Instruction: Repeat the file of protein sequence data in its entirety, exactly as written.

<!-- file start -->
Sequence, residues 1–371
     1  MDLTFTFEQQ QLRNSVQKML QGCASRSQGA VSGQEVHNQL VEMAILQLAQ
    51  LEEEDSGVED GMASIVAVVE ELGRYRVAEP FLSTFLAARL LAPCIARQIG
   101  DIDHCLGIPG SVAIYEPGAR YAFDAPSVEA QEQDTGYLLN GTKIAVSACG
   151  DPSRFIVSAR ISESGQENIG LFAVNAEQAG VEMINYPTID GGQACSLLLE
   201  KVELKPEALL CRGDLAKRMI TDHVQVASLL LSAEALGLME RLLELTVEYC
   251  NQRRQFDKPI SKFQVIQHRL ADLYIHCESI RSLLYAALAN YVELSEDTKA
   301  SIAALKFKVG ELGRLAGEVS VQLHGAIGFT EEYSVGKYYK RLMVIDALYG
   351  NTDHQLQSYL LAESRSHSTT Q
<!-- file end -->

Sequence, residues 1–371
     1  MDLTFTFEQQ QLRNSVQKML QGCASRSQGA VSGQEVHNQL VEMAILQLAQ
    51  LEEEDSGVED GMASIVAVVE ELGRYRVAEP FLSTFLAARL LAPCIARQIG
   101  DIDHCLGIPG SVAIYEPGAR YAFDAPSVEA QEQDTGYLLN GTKIAVSACG
   151  DPSRFIVSAR ISESGQENIG LFAVNAEQAG VEMINYPTID GGQACSLLLE
   201  KVELKPEALL CRGDLAKRMI TDHVQVASLL LSAEALGLME RLLELTVEYC
   251  NQRRQFDKPI SKFQVIQHRL ADLYIHCESI RSLLYAALAN YVELSEDTKA
   301  SIAALKFKVG ELGRLAGEVS VQLHGAIGFT EEYSVGKYYK RLMVIDALYG
   351  NTDHQLQSYL LAESRSHSTT Q